However, if you're a congressman, and your mission is to enrich the owners of the corporations in district #3A that donated to your campaign, then it's different. You rank the list of donor corporations in order of the amount they donated, and find out what they specialize in making. Say your top two donors make cotton string and brass eyelets. Then you write up a bunch of requirements for some invention that needs a net made of cotton string strung between brass eyelets, and make it sound really necessary. Invoking the safety of troops is always in vogue, so you might write up a request for a "biodegradable shell catcher to eliminate the possibility of reusing spent bullet casings as shrapnel in Improvised Explosive Devices." Never mind that the insurgents have never bothered using spent bullet casings for anything, but now you're selling cotton string and brass eyelets by the millions. The soldiers take one look at these things that show up one day and say "what the fuck are these useless things for?" Some kid figures out how to make beer holders attached to his bunk, and that's about all the action they see. So your contributors are richer, the taxpayers are poorer, and the troops have pallets of crap they don't care about shipped to bases where they don't want to be.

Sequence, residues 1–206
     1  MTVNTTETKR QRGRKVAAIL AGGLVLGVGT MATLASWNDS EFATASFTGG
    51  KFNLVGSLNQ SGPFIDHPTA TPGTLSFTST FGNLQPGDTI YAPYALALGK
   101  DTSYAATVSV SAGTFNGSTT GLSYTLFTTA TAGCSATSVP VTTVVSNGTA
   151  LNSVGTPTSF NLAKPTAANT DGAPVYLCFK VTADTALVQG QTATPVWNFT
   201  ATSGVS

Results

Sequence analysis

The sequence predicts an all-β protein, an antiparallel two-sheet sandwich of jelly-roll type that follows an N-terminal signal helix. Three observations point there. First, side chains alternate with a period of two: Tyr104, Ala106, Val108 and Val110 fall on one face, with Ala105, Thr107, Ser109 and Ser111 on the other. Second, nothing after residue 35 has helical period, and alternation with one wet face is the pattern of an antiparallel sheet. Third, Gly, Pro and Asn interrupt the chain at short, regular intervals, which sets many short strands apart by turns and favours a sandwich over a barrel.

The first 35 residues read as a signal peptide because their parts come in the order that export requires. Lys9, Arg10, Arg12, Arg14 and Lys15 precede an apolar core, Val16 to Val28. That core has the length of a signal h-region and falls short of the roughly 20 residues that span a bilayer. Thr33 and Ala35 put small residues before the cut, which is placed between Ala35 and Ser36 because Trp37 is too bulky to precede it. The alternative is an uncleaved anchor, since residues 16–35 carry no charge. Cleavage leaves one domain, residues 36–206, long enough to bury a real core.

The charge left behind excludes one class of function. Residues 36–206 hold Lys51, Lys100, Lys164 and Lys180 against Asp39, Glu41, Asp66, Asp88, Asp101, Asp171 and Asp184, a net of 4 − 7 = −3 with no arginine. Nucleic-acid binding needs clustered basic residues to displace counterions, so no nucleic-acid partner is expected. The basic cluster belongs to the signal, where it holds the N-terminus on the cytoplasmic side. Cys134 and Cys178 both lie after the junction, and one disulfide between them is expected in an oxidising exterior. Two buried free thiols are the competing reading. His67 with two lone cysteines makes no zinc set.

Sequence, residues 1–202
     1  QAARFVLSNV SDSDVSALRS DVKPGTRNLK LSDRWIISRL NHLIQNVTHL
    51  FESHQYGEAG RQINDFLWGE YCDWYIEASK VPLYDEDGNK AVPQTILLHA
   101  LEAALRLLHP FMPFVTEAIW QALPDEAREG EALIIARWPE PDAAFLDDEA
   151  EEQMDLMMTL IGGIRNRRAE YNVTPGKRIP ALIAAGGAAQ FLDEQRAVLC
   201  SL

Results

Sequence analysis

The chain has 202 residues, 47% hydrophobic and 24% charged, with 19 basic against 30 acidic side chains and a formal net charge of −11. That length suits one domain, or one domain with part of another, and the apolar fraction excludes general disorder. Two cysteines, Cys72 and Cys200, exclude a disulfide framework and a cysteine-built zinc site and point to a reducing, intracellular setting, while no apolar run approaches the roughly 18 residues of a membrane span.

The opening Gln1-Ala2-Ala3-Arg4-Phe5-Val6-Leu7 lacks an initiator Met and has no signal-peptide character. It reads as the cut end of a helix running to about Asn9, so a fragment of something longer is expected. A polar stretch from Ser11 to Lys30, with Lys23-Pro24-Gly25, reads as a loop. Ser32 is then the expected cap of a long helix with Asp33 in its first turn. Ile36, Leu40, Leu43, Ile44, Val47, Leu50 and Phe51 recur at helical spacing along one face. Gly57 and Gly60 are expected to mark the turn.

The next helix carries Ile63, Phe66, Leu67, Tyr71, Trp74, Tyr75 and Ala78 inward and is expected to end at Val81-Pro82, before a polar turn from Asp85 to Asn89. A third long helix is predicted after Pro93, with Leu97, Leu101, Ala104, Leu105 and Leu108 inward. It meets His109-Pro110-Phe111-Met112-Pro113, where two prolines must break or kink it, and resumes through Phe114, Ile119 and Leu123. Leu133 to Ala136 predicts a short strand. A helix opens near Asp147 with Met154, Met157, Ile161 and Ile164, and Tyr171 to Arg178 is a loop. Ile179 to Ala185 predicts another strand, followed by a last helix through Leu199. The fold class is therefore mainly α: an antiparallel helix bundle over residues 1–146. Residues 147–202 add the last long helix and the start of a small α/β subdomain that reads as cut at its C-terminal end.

But by all means, let's pursue this unlikely route to ensure that brass casings are never used in IEDs again, and we can all breathe easier knowing our troops are safer. 9/11 !!! Never forget!!! O say can you see!

    Or did I poorly judge these expenditures of time and money?

  • by drnb ( 2434720 ) on Thursday December 29, 2011 @10:22PM (#38534628)